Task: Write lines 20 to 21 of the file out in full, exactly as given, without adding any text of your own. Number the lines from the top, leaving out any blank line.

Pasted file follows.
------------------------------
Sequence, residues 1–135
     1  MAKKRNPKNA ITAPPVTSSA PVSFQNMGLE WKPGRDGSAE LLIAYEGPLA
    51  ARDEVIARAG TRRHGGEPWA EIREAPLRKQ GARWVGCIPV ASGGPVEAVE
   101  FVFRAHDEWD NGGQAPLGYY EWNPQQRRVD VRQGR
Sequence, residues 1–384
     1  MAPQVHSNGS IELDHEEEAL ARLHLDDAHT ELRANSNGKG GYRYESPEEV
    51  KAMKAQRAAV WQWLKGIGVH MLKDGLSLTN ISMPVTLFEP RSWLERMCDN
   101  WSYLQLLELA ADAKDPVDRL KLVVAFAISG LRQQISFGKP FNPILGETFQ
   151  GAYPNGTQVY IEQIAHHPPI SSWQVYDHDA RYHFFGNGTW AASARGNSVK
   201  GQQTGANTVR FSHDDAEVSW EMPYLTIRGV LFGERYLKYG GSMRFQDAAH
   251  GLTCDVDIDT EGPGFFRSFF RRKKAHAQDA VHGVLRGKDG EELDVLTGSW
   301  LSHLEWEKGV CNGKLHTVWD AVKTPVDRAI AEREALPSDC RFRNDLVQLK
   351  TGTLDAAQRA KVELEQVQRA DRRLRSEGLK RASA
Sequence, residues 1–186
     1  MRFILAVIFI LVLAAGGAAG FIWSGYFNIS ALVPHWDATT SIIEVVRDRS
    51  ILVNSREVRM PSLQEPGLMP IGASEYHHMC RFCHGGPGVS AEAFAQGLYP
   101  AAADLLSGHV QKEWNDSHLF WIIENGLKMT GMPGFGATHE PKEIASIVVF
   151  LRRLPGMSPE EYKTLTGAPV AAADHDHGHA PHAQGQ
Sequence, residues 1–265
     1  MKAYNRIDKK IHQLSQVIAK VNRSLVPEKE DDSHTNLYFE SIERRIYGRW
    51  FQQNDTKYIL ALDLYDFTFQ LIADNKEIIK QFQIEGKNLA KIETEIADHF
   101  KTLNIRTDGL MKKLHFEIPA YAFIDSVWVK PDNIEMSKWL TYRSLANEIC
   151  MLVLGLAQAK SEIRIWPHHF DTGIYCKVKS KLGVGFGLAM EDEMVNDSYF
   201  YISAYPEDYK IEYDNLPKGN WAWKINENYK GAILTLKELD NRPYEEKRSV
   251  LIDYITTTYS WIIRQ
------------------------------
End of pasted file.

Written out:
     1  MKAYNRIDKK IHQLSQVIAK VNRSLVPEKE DDSHTNLYFE SIERRIYGRW
    51  FQQNDTKYIL ALDLYDFTFQ LIADNKEIIK QFQIEGKNLA KIETEIADHF